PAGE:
HEADS are expected to roll at the Zimbabwe Revenue Authority (Zimra) as the tax collector has completed a forensic audit that exposes massive corruption and fraudulent conduct by top executives.
By Wongai Zhangazha
A statement detailing major findings of the audit is expected to be released today.
The forensic audit report, compiled by HLB Ruzengwe, has been submitted to Finance minister Patrick Chinamasa for examination and presentation to the government before being publicised.
The Zimra board commissioned the audit in May after sending Commissioner-General Gershem Pasi and five other senior executives on paid leave after questions were raised over the importation of vehicles.
Executives sent on forced leave include loss control director Charlton Chihuri, Anna Mutombodzi (commissioner customs and excise), Tjiyapo Velempini (director ICT and infrastructural development), Charles Manjengwa (director internal audit) and Sithokozile Thembani (director human resources).
Findings of the audit are coming at a time the government’s revenue collector is losing millions of dollars to wheeler-dealers who process counterfeit undervalued import documents to smuggle vehicles into Zimbabwe.
Questions have also been raised on Zimra’s procurement processes and financial affairs.
According to sources, the audit has unearthed irregularities regarding the revenue collector’s vehicle loan scheme and the importation of cars by the five executives, executive perquisites, salaries, loans to senior management, staff secondment and the procurement of goods and services, among others.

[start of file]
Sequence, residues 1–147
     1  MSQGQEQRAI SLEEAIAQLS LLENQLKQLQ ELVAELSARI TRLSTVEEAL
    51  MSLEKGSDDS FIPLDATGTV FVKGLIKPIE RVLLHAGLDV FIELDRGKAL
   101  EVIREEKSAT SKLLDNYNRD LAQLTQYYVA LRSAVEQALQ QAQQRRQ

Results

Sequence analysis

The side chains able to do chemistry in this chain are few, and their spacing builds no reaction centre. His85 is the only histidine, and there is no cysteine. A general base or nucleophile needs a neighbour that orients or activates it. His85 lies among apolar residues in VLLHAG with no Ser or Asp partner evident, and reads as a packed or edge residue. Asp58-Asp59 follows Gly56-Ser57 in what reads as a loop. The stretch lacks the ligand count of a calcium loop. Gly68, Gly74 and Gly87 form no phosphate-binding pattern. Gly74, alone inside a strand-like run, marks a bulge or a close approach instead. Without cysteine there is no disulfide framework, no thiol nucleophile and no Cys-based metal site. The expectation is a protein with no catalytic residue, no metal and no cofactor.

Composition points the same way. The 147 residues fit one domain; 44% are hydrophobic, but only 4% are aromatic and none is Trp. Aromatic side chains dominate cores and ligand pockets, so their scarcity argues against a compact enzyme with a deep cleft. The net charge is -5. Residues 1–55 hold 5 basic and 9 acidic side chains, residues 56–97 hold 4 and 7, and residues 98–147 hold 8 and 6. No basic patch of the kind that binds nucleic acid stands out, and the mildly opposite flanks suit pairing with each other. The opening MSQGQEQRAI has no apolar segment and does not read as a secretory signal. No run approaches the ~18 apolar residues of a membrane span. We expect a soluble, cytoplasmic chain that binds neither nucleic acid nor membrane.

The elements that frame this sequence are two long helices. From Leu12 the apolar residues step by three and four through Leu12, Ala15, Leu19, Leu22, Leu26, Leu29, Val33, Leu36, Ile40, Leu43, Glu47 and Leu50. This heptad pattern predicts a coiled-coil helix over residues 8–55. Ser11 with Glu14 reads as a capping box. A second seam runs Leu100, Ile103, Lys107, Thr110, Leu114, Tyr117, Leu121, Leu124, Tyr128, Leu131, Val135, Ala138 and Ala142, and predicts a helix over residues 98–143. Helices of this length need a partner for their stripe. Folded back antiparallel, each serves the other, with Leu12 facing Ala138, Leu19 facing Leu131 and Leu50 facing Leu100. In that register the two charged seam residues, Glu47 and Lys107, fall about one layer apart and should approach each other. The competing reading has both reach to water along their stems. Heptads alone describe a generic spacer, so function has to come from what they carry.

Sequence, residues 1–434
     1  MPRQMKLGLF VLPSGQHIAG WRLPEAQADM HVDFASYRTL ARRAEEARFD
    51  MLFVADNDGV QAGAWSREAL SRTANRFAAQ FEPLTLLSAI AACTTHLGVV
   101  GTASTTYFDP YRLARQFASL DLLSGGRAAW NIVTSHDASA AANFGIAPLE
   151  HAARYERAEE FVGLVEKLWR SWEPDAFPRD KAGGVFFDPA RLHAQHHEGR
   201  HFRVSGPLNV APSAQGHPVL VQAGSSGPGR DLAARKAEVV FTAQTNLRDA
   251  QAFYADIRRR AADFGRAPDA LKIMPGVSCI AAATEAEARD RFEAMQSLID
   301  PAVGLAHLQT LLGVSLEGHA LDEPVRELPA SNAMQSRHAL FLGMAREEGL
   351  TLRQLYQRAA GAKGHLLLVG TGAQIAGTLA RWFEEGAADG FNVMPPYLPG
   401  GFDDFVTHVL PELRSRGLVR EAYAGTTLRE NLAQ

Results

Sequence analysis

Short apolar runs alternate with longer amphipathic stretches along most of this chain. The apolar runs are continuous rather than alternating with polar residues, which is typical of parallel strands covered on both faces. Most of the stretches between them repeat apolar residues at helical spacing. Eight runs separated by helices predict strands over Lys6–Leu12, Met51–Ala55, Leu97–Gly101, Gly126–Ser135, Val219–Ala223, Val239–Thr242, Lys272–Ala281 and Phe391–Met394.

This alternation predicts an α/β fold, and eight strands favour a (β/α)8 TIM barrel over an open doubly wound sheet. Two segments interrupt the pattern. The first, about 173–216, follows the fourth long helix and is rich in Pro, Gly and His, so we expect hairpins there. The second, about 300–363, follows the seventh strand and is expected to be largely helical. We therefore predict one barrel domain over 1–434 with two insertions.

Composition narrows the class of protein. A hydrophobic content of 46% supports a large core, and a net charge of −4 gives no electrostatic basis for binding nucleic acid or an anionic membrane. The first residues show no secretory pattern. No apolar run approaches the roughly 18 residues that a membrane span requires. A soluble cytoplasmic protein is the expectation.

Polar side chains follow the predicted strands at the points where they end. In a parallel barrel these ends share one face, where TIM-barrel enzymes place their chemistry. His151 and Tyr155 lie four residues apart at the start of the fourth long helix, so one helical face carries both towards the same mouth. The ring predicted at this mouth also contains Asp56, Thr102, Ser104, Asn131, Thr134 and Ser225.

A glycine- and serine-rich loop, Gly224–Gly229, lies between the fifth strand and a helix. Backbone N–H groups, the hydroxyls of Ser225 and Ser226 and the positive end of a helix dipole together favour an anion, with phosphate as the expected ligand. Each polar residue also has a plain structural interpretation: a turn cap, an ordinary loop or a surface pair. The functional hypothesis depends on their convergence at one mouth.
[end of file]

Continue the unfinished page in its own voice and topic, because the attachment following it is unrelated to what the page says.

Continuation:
Sources said the audit findings seem to suggest that Pasi could have been complicit either by From Page 1
acts of commission or omission, or both. He is thus in the firing line.
Efforts to get a comment from Zimra board chairperson Willia Bonyongwe yesterday were fruitless as she was not reachable throughout the day.
“The audit mentions a number of issues that expose the breaking of the law. Obviously the Customs Act was breached when the five executives imported those vehicles.
“The Act is clear that the responsibility lies with the owners and the blame cannot be apportioned on the agents alone,” said a source who preferred anonymity.
“The executives drove those cars for more than four months without realising that the correct duty was not paid, it’s very unlikely. The audit questioned the use of disreputable agents contrary to an internal vehicle policy. For these months no one acted on the executives and the irregularities.”
The audit is said to also question payments made to former Zimra director for human resources and administration, Christine Msemburi, who was seconded to the World Customs Organisation. The audit also questioned her tax payments to the revenue body.
Among the findings is fraud and falsification of academic qualifications by Chihuri. Zimra has since opened a fraud case (CR 2151 /09 /16) at Harare Central Police Station.
Chihuri is accused of allegedly misrepresenting to Zimra that he holds a degree in economics from the University of Zimbabwe yet he does not hold such a qualification.
Zimra also contracted chartered accountants Deloitte and Touché to carry out an audit into suspected impropriety in the awarding of information communication technology (ICT) contracts at Zimra.
The source said the audit covering ICT systems and procurement is expected to be completed in the next two weeks.
Auditors had also been tasked to look into possible misconduct in the procurement for services and equipment, including renovations carried out at Zimra’s Kurima House offices in Harare.
The audits are expected to also cover the procurement of uniforms, asycuda (automated system for customs data) validation system and the construction of Chirundu Border Post.
The forensic audits cover the period January 2014 to August this year.